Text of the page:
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Income statement explained

  • January 08 2019
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Invest

Income statement explained

By Louise Chan
January 08 2019

Regulatory bodies and exchanges require companies to submit their income statement periodically on top of the annual financial statement in an effort to increase transparency. Income statements aim to provide investors with necessary insights, but how exactly do these periodic financial documents accomplish this?

Income statement explained

Income statement explained

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  • January 08 2019
  • Share

Regulatory bodies and exchanges require companies to submit their income statement periodically on top of the annual financial statement in an effort to increase transparency. Income statements aim to provide investors with necessary insights, but how exactly do these periodic financial documents accomplish this?

Income statement explained

We explain what income statements are and how the information they reflect assist investors in making better informed decisions.

What is an income statement?

An income statement is a financial document that reflects a company’s financial performance over a specified period. Income statements allow companies to keep track of their income and expenses in order to work out the earnings per share (EPS)—the amount investors are entitled to receive for each common share they own.

What makes up an income statement?

Similar to cash flow statements, income statements provide information on the movement of a company’s finances but with the inclusion of depreciation and other non-cash items. Companies periodically provide a list of income and spending that are distributed among the four core components of income statements. These are: earnings, expenses, gains and losses.

  • Earnings refer to income generated by a company from both operating and non-operating revenues. This means earnings include income that the company generates from its core business activities and any secondary activities such as interest from investments and royalties.

  • Expenses refer to all spending in relation to core business activities, such as the purchase of raw materials and employee salaries, and secondary activities, such as loan and interest payments. Expenses also include the costs for non-cash transactions such as depreciation and amortisation.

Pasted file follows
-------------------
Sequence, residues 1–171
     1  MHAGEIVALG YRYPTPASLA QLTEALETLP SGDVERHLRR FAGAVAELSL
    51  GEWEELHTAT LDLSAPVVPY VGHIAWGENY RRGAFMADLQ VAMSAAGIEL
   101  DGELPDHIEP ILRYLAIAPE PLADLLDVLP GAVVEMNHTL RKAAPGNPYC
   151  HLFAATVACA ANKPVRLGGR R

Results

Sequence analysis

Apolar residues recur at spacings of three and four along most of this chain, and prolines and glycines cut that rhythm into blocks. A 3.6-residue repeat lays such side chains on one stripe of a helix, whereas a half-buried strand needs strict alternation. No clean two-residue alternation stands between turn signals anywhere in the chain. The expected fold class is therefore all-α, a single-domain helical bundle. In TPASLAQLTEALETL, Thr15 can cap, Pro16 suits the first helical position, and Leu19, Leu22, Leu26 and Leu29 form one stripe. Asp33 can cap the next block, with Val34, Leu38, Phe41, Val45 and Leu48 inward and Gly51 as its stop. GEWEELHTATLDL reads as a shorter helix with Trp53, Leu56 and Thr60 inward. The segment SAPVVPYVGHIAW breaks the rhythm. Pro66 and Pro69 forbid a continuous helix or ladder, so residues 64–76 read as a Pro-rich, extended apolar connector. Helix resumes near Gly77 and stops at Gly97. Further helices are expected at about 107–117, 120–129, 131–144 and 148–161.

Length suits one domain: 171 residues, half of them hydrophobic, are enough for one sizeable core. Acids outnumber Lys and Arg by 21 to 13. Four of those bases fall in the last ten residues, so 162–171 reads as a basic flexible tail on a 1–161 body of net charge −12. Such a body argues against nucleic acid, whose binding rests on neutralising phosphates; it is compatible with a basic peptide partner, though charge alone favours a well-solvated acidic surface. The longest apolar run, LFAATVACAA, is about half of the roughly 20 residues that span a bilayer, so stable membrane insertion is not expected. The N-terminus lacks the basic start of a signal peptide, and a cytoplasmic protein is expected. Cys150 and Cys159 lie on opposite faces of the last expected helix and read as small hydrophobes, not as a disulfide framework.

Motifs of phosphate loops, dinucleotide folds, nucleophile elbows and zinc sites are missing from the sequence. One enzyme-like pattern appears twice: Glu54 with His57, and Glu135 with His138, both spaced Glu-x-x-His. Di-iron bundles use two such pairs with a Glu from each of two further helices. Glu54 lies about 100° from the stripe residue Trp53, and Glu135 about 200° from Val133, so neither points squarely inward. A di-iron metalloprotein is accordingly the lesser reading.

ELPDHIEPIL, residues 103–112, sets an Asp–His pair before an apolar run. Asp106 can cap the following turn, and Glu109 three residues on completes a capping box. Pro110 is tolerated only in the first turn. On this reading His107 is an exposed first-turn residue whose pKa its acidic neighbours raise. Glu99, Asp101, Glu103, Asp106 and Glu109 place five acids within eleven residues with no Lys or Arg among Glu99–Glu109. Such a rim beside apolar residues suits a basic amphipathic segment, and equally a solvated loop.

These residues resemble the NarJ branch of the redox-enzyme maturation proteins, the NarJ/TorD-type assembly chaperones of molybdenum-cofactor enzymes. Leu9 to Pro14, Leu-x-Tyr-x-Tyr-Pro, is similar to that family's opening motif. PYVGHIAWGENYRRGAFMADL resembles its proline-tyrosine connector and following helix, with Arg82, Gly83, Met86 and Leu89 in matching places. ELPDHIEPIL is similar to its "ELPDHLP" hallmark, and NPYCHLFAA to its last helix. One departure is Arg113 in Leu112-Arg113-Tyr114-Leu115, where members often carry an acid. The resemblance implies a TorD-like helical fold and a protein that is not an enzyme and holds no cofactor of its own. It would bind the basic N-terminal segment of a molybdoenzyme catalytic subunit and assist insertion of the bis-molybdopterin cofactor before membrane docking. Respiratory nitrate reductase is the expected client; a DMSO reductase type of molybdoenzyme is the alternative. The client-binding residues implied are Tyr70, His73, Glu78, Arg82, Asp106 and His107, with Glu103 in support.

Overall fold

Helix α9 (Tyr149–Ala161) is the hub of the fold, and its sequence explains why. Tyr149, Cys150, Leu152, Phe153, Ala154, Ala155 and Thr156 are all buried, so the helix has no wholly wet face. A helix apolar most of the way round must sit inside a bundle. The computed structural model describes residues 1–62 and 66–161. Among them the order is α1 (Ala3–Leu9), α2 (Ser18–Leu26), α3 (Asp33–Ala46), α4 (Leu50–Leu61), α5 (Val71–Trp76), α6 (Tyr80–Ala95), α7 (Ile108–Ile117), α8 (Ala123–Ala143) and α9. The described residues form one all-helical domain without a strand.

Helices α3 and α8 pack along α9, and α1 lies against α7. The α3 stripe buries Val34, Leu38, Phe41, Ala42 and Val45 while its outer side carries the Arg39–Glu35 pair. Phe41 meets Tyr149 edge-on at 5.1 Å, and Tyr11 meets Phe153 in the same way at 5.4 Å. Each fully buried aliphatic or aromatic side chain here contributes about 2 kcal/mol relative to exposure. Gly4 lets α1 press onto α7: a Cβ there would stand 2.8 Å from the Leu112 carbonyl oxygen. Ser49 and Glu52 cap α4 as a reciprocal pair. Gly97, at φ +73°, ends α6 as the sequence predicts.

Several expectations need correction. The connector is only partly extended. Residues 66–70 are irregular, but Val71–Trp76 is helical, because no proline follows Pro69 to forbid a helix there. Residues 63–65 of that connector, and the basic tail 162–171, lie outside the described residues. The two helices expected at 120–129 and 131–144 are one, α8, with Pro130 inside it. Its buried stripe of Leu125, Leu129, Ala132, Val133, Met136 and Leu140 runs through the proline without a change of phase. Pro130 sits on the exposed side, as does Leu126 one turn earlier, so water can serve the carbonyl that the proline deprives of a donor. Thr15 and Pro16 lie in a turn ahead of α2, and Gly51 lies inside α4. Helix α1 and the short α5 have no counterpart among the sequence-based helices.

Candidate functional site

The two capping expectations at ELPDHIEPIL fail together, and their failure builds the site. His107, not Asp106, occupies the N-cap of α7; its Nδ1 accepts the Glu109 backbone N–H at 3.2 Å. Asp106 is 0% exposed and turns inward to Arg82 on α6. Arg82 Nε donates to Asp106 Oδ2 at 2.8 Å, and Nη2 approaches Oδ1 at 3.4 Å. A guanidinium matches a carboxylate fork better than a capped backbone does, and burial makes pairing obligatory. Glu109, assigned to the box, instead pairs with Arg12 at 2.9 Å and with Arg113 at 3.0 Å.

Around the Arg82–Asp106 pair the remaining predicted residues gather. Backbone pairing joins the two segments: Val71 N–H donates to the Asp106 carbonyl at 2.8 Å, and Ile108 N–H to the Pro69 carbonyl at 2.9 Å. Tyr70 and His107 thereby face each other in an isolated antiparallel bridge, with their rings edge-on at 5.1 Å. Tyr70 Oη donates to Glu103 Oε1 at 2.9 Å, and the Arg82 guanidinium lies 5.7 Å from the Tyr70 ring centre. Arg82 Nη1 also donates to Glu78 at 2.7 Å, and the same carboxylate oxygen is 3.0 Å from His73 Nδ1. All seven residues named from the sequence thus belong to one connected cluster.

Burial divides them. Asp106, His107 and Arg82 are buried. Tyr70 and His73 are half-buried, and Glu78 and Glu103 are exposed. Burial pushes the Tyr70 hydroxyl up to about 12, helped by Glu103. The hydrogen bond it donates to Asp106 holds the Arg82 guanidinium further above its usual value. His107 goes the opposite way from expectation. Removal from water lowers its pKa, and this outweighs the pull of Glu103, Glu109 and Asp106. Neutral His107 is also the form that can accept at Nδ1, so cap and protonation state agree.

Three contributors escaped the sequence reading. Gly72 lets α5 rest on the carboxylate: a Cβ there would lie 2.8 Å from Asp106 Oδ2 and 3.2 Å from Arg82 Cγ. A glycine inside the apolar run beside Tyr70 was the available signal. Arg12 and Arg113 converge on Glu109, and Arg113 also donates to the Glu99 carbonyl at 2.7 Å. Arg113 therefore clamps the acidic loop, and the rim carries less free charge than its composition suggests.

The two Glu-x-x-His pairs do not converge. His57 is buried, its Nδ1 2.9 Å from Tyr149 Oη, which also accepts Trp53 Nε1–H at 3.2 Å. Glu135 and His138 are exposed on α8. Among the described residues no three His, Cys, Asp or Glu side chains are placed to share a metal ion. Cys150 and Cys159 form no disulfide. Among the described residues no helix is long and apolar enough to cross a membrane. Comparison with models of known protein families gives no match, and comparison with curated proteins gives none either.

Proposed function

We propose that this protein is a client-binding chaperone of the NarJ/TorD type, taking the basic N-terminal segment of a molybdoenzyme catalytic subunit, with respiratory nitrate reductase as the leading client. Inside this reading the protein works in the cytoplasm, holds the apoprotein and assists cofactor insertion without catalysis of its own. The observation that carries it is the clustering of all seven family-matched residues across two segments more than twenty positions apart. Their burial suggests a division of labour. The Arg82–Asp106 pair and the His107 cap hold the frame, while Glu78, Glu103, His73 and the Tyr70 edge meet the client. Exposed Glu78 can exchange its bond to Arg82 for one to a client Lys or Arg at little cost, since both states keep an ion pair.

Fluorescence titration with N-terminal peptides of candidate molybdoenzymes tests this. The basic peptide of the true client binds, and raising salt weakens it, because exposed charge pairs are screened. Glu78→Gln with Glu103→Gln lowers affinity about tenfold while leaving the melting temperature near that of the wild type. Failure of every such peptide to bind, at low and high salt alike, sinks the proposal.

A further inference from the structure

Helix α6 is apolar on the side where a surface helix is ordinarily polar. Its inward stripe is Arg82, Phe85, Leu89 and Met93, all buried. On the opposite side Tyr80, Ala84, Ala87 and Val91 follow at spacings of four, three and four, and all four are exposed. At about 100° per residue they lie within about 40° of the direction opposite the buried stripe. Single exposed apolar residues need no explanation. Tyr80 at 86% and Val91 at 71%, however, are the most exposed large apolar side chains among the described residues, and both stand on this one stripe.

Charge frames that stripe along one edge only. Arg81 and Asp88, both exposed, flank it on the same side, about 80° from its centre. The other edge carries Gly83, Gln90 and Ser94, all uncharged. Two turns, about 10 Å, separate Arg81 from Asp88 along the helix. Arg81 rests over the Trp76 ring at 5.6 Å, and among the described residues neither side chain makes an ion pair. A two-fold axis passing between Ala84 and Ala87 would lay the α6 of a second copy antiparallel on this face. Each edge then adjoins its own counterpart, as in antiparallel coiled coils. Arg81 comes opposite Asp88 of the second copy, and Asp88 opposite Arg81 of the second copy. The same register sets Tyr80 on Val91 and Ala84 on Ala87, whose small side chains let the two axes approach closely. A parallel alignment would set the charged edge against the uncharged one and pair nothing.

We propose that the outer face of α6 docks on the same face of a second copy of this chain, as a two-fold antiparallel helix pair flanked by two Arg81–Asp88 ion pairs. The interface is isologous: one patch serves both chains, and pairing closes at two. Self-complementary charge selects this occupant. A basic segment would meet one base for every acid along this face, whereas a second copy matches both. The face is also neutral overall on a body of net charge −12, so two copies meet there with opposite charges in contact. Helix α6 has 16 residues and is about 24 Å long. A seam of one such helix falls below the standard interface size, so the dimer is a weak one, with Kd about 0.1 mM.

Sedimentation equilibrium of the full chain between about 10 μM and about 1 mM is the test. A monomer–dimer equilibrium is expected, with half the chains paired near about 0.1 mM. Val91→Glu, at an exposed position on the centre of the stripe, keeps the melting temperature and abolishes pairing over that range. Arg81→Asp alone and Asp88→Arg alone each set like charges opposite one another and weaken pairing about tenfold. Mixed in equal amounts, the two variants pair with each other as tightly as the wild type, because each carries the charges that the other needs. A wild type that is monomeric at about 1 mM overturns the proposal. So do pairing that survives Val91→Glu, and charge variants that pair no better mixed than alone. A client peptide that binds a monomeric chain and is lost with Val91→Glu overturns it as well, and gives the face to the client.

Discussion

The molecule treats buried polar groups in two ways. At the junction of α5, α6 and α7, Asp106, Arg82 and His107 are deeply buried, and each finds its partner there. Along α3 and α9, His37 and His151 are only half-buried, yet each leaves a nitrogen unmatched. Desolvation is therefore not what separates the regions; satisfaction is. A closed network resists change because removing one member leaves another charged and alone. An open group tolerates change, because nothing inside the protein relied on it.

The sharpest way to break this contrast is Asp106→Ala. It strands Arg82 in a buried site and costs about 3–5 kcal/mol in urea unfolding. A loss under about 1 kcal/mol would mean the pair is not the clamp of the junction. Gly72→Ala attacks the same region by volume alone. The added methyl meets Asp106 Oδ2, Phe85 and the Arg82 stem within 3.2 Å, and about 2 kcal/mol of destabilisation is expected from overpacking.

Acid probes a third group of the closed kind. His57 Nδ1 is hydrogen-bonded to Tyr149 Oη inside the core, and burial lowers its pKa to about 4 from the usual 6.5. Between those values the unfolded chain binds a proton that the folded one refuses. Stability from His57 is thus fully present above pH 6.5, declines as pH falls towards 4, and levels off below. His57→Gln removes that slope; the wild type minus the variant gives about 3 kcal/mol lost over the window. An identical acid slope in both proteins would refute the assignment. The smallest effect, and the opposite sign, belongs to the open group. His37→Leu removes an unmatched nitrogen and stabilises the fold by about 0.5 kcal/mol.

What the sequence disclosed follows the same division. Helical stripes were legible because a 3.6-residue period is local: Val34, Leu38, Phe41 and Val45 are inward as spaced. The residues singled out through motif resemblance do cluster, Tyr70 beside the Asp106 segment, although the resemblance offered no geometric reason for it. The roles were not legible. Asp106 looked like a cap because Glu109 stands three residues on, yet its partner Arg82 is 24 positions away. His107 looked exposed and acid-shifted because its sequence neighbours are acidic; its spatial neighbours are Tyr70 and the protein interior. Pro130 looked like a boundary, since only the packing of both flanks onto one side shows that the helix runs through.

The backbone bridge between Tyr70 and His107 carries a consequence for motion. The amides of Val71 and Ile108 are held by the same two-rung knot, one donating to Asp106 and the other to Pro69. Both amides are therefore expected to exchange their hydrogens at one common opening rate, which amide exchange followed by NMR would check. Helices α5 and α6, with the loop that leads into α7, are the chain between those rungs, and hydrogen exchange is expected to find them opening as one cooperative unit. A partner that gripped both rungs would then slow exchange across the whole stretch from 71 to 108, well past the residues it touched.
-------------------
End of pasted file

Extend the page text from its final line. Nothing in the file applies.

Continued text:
• Gains, also known as ‘other income’, refer to income generated by the company through non-business activities, such as realised income from selling used equipment or one of its facilities.

  • Losses refer to financial losses that companies incur from selling long-term assets. For instance, a $10 million facility depreciates in value and could only be sold for $7.7 million. Likewise, companies may consider expenses that go toward responding to lawsuits as losses.

How do income statements benefit investors?

Companies and listed entities are required by law to periodically submit income and financial statements, as stated under the Corporations Act. This is done not only to promote transparency but to provide investors with valuable insight on a company’s profitability.

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Benefits of income statements also include the following:

  • Provide insights on how well a company is able to manage the finances of its primary business.
  • Allows investors to evaluate how well a company manages non-core aspects and assets of the business.
  • Provide details on a company’s revenue, expenses, gains and losses, including pre and post-tax figures.
  • Shows the computation down to the EPS so they have an idea of where the company pulled the dividend value from.
  • Gives an objective idea about the company’s potential for growth.

Awareness of the information above can help investors make informed investment decisions, especially for value and passive investors, and manage investment risks.

Income statement explained
Income statement explained
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About the author

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Louise is a content producer for Momentum Media’s nestegg who likes keeping up-to-date with all the ways people can work towards financial stability in 2019. She also enjoys turning complex information into easy-to-digest, practical tips to help those who want to achieve financial independence.

About the author

Louise is a content producer for Momentum Media’s nestegg who likes keeping up-to-date with all the ways people can work towards financial stability in 2019. She also enjoys turning complex information into easy-to-digest, practical tips to help those who want to achieve financial independence.

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